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Innards and out

April 07, 2004|by KATE COLEMAN

katec@herald-mail.com

Warning: The following story contains information that may be offensive to vegetarian readers and to those who may be a tad squeamish about the thought of eating meat products that contain animal innards.

If you've ever wondered what in the world hog maw is, though, read on.

How about pon haus, scrapple, souse or pudding?

No, we're not talking chocolate mousse here.

If you've lived in a city - or even a different part of the country - you may never have heard of some of these things.

Humans have been eating meat for some 2.5 million years, according to information on www.exploratorium.edu, the Web site of the Exploratorium, a San Francisco science museum. People have thought of many different ways to cook meat - roasted, stewed, fried, grilled.

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In earlier times, people grew their own vegetables, gathered eggs from their own chickens, milked their own cows and slaughtered their own animals for their own meat.

Nothing was wasted; everything was used.

The British have been eating steak and kidney - yes, kidney - pie for centuries. Haggis is a Scottish dish made of the heart, lungs, etc., of a sheep or calf, mixed with suet (the hard fat surrounding the kidneys and loins), seasoning and oatmeal - and boiled in the animal's stomach.

Eeeeyew, you say?

Hey, even a link sausage or a hot dog comes with natural casing.

There are several such items in the coolers of local meat markets, even in grocery stores. They may be carry-overs from the old days, but they still sell.

Pigs' feet - which are kind of gelatinous - are used to flavor foods, said Donald Hoffman, owner of Hoffman's Quality Meats on Cearfoss Pike west of Hagerstown. The business, started by his grandfather in 1923, butchers, manufactures and distributes a variety of meat products - 400 to 500 items. That's up from an original 30.

"You have to change with the times," he said.

Inspections and health regulations brought many changes to the meat business, but some things stay the same. People still eat traditional meat products - pudding among them.

Hoffman's makes pudding in huge kettles. Pork picnics (shoulders) are cooked down with pork jowls, cheeks, tongues, sweetbreads - that's the thymus gland, or sometimes the pancreas.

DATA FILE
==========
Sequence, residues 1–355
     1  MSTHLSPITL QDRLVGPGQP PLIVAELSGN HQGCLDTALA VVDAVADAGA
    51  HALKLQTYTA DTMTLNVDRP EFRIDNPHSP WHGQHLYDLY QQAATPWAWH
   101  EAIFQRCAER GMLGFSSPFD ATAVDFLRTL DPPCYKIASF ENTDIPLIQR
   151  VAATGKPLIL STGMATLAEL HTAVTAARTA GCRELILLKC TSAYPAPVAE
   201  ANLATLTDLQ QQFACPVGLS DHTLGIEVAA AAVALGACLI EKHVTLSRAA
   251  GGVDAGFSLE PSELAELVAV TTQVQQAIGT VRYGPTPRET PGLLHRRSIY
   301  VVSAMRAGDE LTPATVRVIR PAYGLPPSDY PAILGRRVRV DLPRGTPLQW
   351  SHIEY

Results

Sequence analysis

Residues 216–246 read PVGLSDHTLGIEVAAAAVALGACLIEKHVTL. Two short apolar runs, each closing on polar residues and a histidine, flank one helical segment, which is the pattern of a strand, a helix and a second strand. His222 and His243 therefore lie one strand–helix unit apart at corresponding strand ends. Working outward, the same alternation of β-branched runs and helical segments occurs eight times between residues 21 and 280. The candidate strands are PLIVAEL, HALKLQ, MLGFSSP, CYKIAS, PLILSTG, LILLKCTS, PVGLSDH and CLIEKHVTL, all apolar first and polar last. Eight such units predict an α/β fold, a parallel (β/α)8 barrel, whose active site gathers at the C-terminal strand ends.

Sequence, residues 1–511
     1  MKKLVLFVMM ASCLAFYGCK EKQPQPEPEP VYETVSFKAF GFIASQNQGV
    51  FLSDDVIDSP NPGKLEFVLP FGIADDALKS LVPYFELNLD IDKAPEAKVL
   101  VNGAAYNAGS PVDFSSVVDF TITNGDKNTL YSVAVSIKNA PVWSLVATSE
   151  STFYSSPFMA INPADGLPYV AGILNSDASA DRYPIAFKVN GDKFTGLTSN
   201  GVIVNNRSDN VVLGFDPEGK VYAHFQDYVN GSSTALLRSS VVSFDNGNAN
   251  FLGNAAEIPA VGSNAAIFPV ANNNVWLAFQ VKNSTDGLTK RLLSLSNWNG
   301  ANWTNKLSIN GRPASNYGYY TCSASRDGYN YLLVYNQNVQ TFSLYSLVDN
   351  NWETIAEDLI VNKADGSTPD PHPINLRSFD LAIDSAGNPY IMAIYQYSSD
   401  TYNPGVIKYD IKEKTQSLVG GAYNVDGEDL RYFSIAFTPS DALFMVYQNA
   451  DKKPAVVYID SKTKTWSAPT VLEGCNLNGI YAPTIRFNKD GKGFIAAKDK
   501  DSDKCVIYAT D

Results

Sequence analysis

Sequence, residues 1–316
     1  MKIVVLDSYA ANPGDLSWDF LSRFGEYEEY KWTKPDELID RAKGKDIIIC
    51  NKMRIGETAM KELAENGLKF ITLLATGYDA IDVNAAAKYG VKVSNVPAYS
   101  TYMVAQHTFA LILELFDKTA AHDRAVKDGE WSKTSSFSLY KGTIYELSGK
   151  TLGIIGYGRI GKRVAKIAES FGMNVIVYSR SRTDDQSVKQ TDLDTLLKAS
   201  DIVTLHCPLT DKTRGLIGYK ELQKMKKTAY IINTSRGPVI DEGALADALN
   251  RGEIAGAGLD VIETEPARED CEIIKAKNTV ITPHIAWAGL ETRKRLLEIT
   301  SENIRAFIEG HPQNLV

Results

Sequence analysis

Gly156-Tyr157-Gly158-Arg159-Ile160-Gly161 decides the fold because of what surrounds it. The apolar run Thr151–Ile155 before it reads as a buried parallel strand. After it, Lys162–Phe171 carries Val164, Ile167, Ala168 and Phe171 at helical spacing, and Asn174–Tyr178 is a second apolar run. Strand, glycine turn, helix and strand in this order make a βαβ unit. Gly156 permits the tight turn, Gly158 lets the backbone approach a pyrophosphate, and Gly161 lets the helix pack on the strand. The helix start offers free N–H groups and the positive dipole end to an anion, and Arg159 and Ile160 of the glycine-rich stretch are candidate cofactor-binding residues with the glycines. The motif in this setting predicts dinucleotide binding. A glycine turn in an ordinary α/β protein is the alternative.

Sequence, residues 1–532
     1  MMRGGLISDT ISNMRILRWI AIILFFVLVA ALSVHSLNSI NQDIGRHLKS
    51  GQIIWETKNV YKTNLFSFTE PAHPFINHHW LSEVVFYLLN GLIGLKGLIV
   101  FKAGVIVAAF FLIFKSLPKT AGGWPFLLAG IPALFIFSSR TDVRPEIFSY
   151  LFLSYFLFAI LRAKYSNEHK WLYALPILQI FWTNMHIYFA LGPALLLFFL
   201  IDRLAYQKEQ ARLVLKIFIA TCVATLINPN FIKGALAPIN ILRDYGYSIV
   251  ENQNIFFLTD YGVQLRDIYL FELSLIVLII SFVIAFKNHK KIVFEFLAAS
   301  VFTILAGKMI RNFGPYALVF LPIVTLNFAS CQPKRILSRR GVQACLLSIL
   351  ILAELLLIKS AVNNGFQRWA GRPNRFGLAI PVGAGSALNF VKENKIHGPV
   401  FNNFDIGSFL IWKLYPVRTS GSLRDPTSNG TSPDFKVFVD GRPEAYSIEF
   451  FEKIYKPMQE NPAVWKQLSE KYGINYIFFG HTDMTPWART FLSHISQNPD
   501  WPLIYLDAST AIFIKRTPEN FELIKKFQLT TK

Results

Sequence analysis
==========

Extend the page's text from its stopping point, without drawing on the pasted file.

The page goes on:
Harry Rohrer elaborated on pudding's ingredients - adding hearts and livers to the list. The cooked-down result is ground, seasoned and pressed into a loaf, Rohrer said. Sliced and fried, pudding can be served for breakfast.

Rohrer has been in his family's Hagerstown meat processing business for more than 60 years. The sign on the Brookmeadow Corp. on Security Road in Hagerstown says "Home Killed Meats," but that hasn't been accurate for years, Rohrer said. Brookmeadow no longer butchers, but cuts, processes and sells beef and pork.

So what is pon haus?

Pon haus is made by combining cornmeal with the broth that results from the above-mentioned pudding. It's very much a regional dish, Hoffman said, adding that some people like it on top of hominy - the traditional porridge of grits.

Still with us?

Scrapple - cornmeal boiled with scraps of pork and allowed to set, then sliced and fried - sounds similar to pon haus, but it is more a product of Pennsylvania. It has less meat than pudding, Hoffman said.

Next? Take souse. Please.

"We don't make it," Hoffman said. The dictionary defines it as pickled food, especially the feet, ears and head of a pig.

"It's vinegary," Hoffman said. He doesn't like it.

He does like hog maw, however. A pig stomach has a heavy lining, Hoffman said. Remove that, stuff the thin stomach, and enjoy. Hoffman likes it crispy.

Joy Beard doesn't eat the stomach casing that holds the stuffing. She manages Mamas' restaurant on Frederick Street in Hagerstown and has been making hog maw for the 22 years her mother and her friend have owned the restaurant.

Beard uses her mama's mama's recipe, and hog maw usually is on the family restaurant's menu every other week from October through January or February. She considers it a winter recipe, and she sells it by the pound.

Beard stuffs the pig bellies with a mixture of chopped potatoes, cabbage, sausage and onions.

"It has everything in it," Beard said, but people order spinach or coleslaw with the dish. She likes it served with fruit.

So now you know.

Bon apptit.

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